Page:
A beautiful full moon is set to rise this Sunday night, August 10. It will be spectacular and I encourage everyone to go outside and have a look. But the question is: will it be a supermoon?
Picture: Phil Hart
Technically yes: by the definition that’s fallen into common usage, it will be a supermoon. By this I mean that the full moon will coincide with the moon being slightly closer to us, as it travels along its elliptical orbit around the Earth.
Will we notice that this moon is bigger and brighter than any other full moons to be seen this year? It might be nice to think so, but in all honesty it’s not really possible to spot the effect.
The moon is impressive as it is; being a little bit more impressive on odd occasions like this doesn’t make it stand out any more. But what it does do is give us the opportunity to think about our neighbour in space.
What’s in a name?
To set the record straight, the term “supermoon” comes from astrology. It was coined by Richard Nolle a “certified professional astrologer” in an article for Horoscope magazine in 1979.
Unfortunately, Nolle uses it to argue that this kind of moon will trigger cataclysmic events because of the extreme tidal forces at work. It won’t — the variations will bring about a tide that in most places is only a few centimetres higher than usual.
I must admit though, that supermoon has a better ring to it than perigee moon, which is the scientific expression.
In the graph above, I have plotted the distance of each full moon throughout the year and you can see that this month’s full moon, at a distance of 353,552km, will be the closest for the year.
It just beats out last month’s by about 800km and it is almost 58,000km closer than the January full moon. Sounds impressive, right?
This change in distance, of about 14%, compares the perigee moon of August to the apogee moon of January. Not only are we relying on memory but the moon already looks big in the sky, so it’s quite a small relative change to notice.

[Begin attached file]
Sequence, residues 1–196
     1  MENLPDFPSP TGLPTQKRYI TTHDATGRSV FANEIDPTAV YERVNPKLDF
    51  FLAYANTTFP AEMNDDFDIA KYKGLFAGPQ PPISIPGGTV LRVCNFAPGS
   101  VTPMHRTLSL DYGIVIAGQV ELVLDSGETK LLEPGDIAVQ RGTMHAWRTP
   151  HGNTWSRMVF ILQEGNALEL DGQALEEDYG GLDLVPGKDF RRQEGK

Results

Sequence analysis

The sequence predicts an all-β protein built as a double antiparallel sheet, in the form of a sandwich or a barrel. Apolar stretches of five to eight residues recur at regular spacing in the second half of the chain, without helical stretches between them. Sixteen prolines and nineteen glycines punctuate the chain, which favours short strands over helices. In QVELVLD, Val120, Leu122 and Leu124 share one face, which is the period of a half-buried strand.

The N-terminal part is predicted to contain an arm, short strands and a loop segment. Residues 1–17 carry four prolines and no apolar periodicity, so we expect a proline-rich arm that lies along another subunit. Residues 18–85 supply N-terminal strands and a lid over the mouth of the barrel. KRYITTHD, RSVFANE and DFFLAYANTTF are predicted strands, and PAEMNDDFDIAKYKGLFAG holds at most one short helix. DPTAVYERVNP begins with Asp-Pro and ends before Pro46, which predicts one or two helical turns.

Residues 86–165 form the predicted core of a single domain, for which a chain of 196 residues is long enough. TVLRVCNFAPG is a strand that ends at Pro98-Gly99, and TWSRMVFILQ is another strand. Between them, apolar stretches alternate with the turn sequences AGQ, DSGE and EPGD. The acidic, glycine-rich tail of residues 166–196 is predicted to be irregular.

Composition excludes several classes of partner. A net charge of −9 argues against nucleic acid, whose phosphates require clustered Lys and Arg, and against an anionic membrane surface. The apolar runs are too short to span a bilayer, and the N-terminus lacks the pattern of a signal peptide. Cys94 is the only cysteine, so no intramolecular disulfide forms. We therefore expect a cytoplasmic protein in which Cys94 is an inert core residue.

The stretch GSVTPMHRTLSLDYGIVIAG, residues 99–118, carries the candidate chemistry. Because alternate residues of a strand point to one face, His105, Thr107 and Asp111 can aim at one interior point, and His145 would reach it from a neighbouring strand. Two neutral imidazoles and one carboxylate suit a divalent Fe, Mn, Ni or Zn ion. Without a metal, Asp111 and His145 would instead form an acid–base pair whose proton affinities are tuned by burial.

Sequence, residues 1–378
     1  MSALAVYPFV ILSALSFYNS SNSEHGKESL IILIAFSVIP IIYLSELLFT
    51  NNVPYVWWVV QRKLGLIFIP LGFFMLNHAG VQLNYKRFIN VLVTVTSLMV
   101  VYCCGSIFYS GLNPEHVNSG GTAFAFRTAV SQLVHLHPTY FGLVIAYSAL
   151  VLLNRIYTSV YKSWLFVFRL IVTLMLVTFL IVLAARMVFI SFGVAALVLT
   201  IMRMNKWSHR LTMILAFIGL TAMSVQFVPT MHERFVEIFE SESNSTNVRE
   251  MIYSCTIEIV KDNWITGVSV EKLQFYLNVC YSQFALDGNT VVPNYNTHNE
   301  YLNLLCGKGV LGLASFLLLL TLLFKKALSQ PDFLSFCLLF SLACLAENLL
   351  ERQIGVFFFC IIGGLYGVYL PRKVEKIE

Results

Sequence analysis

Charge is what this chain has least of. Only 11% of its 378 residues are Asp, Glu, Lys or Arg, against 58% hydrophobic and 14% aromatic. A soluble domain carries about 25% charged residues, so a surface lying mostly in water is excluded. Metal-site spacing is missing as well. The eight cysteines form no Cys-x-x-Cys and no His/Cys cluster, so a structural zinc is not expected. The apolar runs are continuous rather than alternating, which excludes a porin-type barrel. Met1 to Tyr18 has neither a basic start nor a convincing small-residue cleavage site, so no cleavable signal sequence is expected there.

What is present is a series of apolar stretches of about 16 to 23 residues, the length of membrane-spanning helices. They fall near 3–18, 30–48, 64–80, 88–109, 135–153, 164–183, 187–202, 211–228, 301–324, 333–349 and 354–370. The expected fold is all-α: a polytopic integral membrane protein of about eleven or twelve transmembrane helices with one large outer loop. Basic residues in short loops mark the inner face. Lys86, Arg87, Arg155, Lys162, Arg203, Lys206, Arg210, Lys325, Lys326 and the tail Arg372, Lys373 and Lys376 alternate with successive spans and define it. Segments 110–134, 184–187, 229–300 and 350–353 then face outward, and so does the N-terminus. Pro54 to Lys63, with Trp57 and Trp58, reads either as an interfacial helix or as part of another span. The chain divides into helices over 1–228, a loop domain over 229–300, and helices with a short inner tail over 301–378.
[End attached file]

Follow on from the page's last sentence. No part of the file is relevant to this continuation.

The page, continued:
Furthermore, most of the full moons we see across the year occur somewhere between these two extremes.
Picture: Marco Langbroek
Of course if the moon is closer, then it’s also brighter. Sunday night’s full moon will be about 30% brighter than the one from January. But again, the moon is already the brightest object in the night sky, so spotting a difference looking at the moon is nigh impossible.
There is one moon phenomenon that is not yet explained and that is the moon illusion. It’s the idea that most of us perceive the moon as being bigger when it’s on the horizon compared to when it’s high up above in the sky.
When you are looking at the moon on Sunday night, measure it by putting your thumb in front of it or roll up a piece of paper to match the moon’s diameter as it appears large upon the horizon. Then do the same when the moon is higher in the sky and you’ll see that the change in size is all in your mind.
The Ebbinghaus illusion and the Ponzos illusion are often used to explain it, but researchers from the Susquehanna University, Pennsylvania have put forward that it may stem from us perceiving that the moon is closer on the horizon, while at the same time our binocular vision is telling us it’s not.
If you want to see a truly magical moon, then go no further than the video above. It is real time footage of the moon captured from New Zealand with a super telephoto lens and a great deal of creativity. Can the moon really get more stunning?
Tanya Hill is Honorary Fellow of the University of Melbourne and Senior Curator (Astronomy) at Museum Victoria. She does not work for, consult to, own shares in or receive funding from any company or organisation that would benefit from this article, and has no relevant affiliations.